With nearly one-third of the NBA's coaching jobs open this past summer, Tom Thibodeau might have had his choice of jobs. But before the bubble restart was complete and the vacancies opened up, Thibodeau opted to sign on with the Knicks.
And with good reason: He grew up in nearby Connecticut, where his family followed the team, and he grew up in the NBA as an assistant coach during the last era of glory at Madison Square Garden. Add in a new front office with longtime ties to him, and it made sense.
Except for one little detail — that he was inheriting a teardown of a rebuilding plan that might challenge the length of his contract and his patience.
For all of the new faces in the front office and on the coaching staff, the Knicks’ efforts to reshape the roster mostly came up empty. So Thibodeau, with a win-now reputation, enters the season with the remnants of a 21-45 team and another hollow free-agent chase.
"I think the things that are appealing for me is the great challenge of it," he said. "I like the guys we have and you don’t do anything by yourself. It’s the group. And it’s the front office. It’s ownership. It’s the players.
"We’re going to need everyone pulling in the same direction and doing everything we can each and every day to improve. At the end of the day, we really only answer to ourselves. Only we know if we’re putting everything we have into something. [If so], anything is possible. So if we keep concentrating on that, we will get better and we will see good things in the end."
The Knicks came into the offseason armed with more cap space than any other team and a pair of first-round picks, including the No. 8 overall selection. But after all that, the odds are that opening night will feature three players who were starters last season — Julius Randle, Elfrid Payton and RJ Barrett — along with one-year contract placeholders Nerlens Noel and either Alec Burks or Reggie Bullock.
Lottery pick Obi Toppin comes with athleticism and enthusiasm but still needs to find minutes because Randle, who plays the same position, is the team’s top returning scorer. Immanuel Quickley, taken No. 25 overall, has shown some promise.
But are any of the new acquisitions difference-makers? The answer is obvious from Thibodeau’s conversation about stars this past week.
"I think every day, [attracting talent] has to be a priority for the organization, to seek out those opportunities," he said. "When you look at what’s going on in the league, things can change very quickly. You work every day with your player development, try to improve through the draft, you have free agency and you have trades. I think you have to be very aggressive in each area. Sitting back and waiting sometimes is not a good thing."
The best chance for the Knicks to get a proven quality player might be in a trade, and to that end, it is up to Thibodeau to create some trade value for the pieces currently on the roster. The Knicks still have cap room and can absorb a star contract, but their roster is slim on the talent that another team would need in return for a top-shelf player.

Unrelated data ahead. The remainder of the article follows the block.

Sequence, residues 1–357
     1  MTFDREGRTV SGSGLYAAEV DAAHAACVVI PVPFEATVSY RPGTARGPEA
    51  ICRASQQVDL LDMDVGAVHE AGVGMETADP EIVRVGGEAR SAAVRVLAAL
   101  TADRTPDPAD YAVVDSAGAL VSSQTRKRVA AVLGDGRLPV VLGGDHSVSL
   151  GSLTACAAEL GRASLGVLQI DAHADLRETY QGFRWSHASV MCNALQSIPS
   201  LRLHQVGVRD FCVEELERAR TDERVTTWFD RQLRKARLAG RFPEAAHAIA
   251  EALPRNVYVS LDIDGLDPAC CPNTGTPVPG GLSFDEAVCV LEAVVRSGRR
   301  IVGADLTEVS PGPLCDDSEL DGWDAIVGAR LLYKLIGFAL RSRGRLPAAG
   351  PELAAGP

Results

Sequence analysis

Could Mitchell Robinson be traded? While that might upset fans, he has value and a high ceiling. Who else draws attention from other front offices? That's answered by the Knicks’ inability to get even a draft pick back for Dennis Smith Jr. or Frank Ntilikina.
So this season’s hope goes back to what Thibodeau spoke of in his introductory Zoom media conference — not skipping a step. If the player development-centric coaching staff can make something of Kevin Knox, RJ Barrett, Smith or Ntilikina, the Knicks might at least have a piece to include in a trade package. But as far as competing at a high level with this group, reality likely will set in quickly.
"It’s not just the individual development, it’s the team development," Thibodeau said at the start of camp. "And I think we have some guys who have a big upside when you look at a guy like RJ and look at a guy like Obi and Immanuel Quickley and Kevin Knox and our point guards. We have several players there.
"And I like that there’s competition. Nothing will be given to anyone. You’re going to have to earn your minutes. And those decisions on rotation will be based on performance and what gives the team the best chance of winning.
"A player is not just going to get minutes just to get minutes. You have to impact winning, you have to put the team first. There has to be sacrifices made. And that’s what we’re going to strive for every single day.
"We have a very strong staff. The focus is going to be on teaching and work. We know there’s a lot of work to be done. If we look at where we stood last year, there’s a lot of ground to be made up. When you look at the rosters of the teams we’re competing against, the challenge will be how together we will be. The degree [to] how together and how smart [we are] is going to be critical for us."
While Tom Thibodeau has been a hard-driving, win-now coach, this team seems a long way from contending in a deep Eastern Conference. Anything better than last place in the Atlantic would be a huge upset and the team seems bound for the top of the Ping-Pong ball chase in next summer’s draft. As long as COVID-19 doesn’t stop the season, the Knicks will be in for a long one.
Projected record: 24-48.